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Rick Grush

The Neural Basis of Thought and Language

My doctoral degree is a joint doctorate in both Philosophy and Cognitive Science from the University of California, San Diego. In general, my research involves understanding the neural basis of human thought, cognition, and language. This task is difficult for a number of reasons. First, the list of capacities which fall under the rubric of 'cognition and language' is quite large, including memory, mental imagery, planning, perception, prediction of the actions of others, problem solving, language production and comprehension, picking up pencils, and understanding nuances of poetry, as well as many others. Second, the brain is an incredibly complex device. It is fair to say that nobody has any solid understanding of how the brain implements any nontrivial cognitive function, let along the complicated ones like language comprehension.

This general problem, of understanding the mind in terms of the brain, is perhaps the most challenging problem of all. Other areas of research may be as difficult, such as understanding the origin of the universe, but the mind-brain problem has an element which these other problems do not. In the case of understanding the mind in terms of the brain, it is ourselves, our own consciousness, and even our own curiosity itself, that we do not understand.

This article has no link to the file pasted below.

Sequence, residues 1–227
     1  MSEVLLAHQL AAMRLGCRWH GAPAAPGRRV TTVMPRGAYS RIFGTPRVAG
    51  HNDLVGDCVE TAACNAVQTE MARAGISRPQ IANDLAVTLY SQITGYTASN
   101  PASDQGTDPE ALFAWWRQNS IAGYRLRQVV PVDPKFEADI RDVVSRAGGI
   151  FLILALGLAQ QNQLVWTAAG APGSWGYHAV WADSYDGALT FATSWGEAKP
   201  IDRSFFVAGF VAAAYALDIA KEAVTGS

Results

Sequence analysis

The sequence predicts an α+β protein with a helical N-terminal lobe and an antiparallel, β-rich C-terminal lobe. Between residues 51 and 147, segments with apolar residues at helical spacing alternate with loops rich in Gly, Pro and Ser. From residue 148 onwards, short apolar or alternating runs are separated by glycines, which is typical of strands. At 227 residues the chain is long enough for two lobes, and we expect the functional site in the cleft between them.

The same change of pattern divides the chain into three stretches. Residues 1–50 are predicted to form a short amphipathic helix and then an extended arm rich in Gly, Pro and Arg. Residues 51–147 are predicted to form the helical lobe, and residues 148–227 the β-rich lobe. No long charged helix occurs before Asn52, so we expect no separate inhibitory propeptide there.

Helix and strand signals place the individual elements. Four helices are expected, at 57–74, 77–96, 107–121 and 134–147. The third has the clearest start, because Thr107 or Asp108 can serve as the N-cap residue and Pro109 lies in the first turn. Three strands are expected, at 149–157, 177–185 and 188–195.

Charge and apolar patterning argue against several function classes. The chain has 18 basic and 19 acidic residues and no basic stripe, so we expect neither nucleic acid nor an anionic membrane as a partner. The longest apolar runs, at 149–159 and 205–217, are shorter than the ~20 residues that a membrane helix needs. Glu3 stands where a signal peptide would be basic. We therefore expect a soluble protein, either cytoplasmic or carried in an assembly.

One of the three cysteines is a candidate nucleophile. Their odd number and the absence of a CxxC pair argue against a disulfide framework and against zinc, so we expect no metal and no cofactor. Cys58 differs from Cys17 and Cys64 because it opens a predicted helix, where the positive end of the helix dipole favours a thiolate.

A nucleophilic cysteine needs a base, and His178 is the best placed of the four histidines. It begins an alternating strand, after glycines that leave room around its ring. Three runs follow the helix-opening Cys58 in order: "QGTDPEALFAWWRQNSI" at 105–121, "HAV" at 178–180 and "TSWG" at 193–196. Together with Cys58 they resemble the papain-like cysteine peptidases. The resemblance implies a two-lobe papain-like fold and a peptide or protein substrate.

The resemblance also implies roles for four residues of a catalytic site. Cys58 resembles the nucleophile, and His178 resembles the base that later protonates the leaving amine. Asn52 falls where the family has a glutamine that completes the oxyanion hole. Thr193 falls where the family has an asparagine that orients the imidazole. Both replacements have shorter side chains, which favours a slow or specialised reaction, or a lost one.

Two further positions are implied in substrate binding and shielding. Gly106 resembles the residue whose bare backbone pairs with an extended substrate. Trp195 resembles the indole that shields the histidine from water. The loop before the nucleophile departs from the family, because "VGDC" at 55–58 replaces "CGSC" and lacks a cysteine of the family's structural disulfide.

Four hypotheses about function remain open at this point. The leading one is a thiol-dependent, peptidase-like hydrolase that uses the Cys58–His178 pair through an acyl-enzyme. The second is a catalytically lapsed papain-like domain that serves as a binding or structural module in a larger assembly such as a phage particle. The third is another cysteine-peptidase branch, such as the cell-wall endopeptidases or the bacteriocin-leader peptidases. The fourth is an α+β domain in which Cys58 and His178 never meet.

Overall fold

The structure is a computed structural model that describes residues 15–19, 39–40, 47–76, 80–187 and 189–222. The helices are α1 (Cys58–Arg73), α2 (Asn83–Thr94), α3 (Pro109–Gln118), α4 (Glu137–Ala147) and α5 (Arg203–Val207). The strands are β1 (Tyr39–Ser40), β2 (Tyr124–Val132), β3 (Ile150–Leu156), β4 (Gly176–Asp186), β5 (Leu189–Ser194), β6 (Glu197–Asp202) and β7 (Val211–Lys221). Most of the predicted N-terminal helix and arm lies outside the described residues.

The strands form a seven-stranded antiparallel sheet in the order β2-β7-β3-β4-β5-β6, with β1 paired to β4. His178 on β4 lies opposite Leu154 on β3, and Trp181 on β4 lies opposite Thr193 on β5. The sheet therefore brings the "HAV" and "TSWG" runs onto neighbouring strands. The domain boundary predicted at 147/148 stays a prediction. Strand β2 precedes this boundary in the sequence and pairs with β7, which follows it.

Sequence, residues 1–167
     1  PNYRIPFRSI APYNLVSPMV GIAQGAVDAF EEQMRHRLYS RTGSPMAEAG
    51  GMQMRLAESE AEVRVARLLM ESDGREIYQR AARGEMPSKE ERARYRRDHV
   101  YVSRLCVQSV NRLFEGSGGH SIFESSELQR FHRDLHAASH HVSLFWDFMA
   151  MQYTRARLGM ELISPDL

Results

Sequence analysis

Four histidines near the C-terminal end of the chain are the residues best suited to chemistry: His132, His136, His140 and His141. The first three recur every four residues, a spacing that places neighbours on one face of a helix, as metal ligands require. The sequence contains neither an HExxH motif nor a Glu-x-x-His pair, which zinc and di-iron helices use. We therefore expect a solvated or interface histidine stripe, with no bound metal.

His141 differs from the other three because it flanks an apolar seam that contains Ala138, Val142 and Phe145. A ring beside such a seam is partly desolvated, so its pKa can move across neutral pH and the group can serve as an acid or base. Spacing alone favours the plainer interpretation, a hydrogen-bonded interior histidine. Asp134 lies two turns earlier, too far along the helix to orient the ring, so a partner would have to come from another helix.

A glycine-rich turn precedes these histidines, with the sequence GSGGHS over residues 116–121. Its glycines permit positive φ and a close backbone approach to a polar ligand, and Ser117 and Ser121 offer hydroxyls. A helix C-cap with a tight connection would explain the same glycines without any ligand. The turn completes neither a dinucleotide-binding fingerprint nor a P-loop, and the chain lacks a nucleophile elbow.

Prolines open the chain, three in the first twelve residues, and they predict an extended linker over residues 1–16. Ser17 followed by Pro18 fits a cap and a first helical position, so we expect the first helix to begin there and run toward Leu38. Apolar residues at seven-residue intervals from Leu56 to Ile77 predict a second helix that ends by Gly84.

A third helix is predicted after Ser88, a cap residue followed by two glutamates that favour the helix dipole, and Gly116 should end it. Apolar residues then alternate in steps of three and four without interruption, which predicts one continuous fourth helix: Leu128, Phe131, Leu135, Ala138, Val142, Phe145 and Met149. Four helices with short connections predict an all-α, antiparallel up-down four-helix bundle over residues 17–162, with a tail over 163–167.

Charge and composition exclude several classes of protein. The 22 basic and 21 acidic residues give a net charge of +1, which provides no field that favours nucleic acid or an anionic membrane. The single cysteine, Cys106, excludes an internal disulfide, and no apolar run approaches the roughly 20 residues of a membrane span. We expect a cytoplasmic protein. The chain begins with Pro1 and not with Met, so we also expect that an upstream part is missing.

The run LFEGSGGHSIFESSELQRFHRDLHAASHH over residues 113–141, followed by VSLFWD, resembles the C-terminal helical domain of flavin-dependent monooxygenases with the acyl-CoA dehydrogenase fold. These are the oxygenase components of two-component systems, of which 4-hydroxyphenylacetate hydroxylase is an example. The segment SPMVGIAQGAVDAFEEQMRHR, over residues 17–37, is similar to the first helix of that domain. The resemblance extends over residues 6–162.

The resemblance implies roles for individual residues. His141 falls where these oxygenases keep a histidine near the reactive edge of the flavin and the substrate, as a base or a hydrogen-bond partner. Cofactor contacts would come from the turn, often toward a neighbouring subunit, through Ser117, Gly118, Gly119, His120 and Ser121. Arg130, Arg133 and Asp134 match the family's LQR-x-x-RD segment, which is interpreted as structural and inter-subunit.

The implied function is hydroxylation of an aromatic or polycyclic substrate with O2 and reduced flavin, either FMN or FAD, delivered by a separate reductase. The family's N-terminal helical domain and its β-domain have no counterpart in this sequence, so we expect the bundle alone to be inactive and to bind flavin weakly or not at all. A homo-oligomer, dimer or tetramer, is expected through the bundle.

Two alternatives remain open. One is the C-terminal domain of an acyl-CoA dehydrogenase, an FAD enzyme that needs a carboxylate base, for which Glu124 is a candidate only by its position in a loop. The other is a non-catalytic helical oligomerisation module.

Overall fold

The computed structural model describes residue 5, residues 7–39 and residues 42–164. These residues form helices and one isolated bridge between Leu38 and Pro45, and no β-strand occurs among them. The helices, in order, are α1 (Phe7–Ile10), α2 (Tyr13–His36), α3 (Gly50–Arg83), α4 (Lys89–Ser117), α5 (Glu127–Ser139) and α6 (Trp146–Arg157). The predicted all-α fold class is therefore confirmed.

More specifically, while at the Center for Semiotic Research this year, I will attempt to finish a book manuscript which addresses certain features of the neural basis of cognition. The book constructs a theory of the basics of neural representation, perception, and objectivity. The basic idea is that the brain constructs internal neural circuits which behave as analogue models of aspects of its environment. These neurally implemented models can then be run 'off-line' to engage in counter-factual reasoning and mental imagery (which is just counterfactual perception). I then show how perception is also processes with the use of these models, which in effect act as filters. The final aspect, objectivity, has to do with the fact that we do not just respond to sensory stimuli, but in fact we represent the world as an independently existing arena, containing objects which continue to exists even when we are not around, and which are there to be experienced from many points of view. The resulting theory is recognizably Kantian. This last aspect, the neural basis of objectivity, will be the topic of a seminar I will be teaching at the Center for Semiotic Research in the Fall semester of 1997.

I am also quite interested in the neural basis of language, and a second manuscript, which I hope to begin within a year, will focus on this topic. A seminar I will organize in the Spring Semester at the Center for Semiotic Research will address the neurocognitive basis of linguistic competence, and attempt to show how domain general cognitive constraints, such as constraints on attention management, are responsible for so-called syntactic phenomena in language.

Updated 1 December 2000 by smc. Please mail comments to the webmaster at Centre for Cultural Research.